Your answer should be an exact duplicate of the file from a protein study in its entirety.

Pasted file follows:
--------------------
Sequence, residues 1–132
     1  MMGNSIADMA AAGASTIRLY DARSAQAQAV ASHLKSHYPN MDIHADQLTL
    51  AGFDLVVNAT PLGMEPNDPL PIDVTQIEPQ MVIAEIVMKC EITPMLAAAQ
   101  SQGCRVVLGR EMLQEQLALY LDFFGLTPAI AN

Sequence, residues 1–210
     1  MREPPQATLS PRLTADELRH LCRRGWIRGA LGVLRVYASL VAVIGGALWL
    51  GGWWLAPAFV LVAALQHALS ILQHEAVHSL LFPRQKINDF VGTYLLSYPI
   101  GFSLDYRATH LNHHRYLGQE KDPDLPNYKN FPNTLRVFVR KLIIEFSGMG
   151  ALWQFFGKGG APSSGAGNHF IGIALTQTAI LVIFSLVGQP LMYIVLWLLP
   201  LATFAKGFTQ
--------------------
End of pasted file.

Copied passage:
Sequence, residues 1–132
     1  MMGNSIADMA AAGASTIRLY DARSAQAQAV ASHLKSHYPN MDIHADQLTL
    51  AGFDLVVNAT PLGMEPNDPL PIDVTQIEPQ MVIAEIVMKC EITPMLAAAQ
   101  SQGCRVVLGR EMLQEQLALY LDFFGLTPAI AN

Sequence, residues 1–210
     1  MREPPQATLS PRLTADELRH LCRRGWIRGA LGVLRVYASL VAVIGGALWL
    51  GGWWLAPAFV LVAALQHALS ILQHEAVHSL LFPRQKINDF VGTYLLSYPI
   101  GFSLDYRATH LNHHRYLGQE KDPDLPNYKN FPNTLRVFVR KLIIEFSGMG
   151  ALWQFFGKGG APSSGAGNHF IGIALTQTAI LVIFSLVGQP LMYIVLWLLP
   201  LATFAKGFTQ